The Federal Reserve on Wednesday signaled it is ready to tackle inflation as prices have shot up in the past year and millions of Americans are facing the strain of higher costs. Following two days of policy meetings, officials strongly indicated the hike is just on the horizon.
"With inflation well above 2% and a strong labor market, the committee expects it will soon be appropriate to raise the target range for the federal funds rate," a statement from Fed leaders read.
Speaking to reporters following the meeting, Federal Reserve Chairman Jerome Powell did not reveal details on how much the Fed could hike rates this year or how often to expect increases. Fed officials previously signaled rates could be increased three times this year. Some economic forecasters now anticipate at least four hikes starting in March.
"It is not possible to predict with much confidence exactly what path for our policy rate is going to prove appropriate," Powell said. "So at this time, we have not made any decisions about the path of policy."
Powell said they will make a decision at the next meeting, set for March 15 and 16, but that the committee is prepared to raise the rate assuming conditions are appropriate. Powell said decisions will be "humble and nimble" and guided by the data. He noted the U.S. economy is in a very different, much stronger place than when the Fed started hiking rates at the end of 2015 for the first time in nearly a decade.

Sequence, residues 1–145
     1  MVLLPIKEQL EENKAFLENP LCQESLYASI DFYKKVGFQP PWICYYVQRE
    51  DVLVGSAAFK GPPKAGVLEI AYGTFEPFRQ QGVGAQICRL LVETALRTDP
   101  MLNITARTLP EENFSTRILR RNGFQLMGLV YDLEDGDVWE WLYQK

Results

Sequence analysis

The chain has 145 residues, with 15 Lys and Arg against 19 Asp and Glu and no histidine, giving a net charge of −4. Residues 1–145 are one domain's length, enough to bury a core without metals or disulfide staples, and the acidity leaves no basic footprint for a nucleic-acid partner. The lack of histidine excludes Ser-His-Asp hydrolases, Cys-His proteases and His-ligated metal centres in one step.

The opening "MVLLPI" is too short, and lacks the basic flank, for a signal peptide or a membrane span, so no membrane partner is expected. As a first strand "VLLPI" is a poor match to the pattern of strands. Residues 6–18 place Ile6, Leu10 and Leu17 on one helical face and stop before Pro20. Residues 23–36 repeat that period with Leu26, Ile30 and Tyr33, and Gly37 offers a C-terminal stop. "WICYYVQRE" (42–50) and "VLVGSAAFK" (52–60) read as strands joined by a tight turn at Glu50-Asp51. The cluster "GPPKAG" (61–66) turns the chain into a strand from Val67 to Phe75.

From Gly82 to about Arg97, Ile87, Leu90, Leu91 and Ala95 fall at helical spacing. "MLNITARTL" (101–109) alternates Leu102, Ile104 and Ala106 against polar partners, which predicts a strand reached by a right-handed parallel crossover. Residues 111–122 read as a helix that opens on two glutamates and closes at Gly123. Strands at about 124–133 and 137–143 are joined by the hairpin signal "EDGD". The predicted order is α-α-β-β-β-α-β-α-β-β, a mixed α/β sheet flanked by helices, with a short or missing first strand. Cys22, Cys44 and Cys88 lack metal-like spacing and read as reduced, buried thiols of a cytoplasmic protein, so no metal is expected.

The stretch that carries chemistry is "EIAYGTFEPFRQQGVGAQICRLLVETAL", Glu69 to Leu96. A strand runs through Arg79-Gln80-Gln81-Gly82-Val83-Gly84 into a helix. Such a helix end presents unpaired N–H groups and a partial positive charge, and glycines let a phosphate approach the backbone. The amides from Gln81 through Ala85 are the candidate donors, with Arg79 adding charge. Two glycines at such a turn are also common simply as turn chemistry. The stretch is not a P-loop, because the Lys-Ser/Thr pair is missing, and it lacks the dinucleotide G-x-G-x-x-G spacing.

The Fed acknowledged that inflation has been larger and longer than anticipated. Powell said since its December meeting, the situation is about the same but probably "slightly worse." He acknowledged inflation forces people on fixed incomes living paycheck to paycheck to make very difficult decisions. Some people are just "prone to suffer more," he said, and inflation is particularly hard on people with fixed incomes and low incomes.
He said the Fed will move away from very accommodative policy to help address inflation. Fiscal policy will also play a role, he said and eventually there will be relief on the supply side, but it's taking much longer.
"I would not say that I expect the supply chain issues to be completely worked out by the end of this year," Powell said. "I expect progress to be made in the second half of this year mainly."
As the Federal Reserve signals readiness to raise interest rates, Powell said he believes there's "quite a bit of room" to hike rates without hurting the labor market, calling it "by many measures, an historically tight labor market." The Federal Reserve chairman noted how 2021 has shown record level job openings, quits and wages moving up at the fastest pace in decades.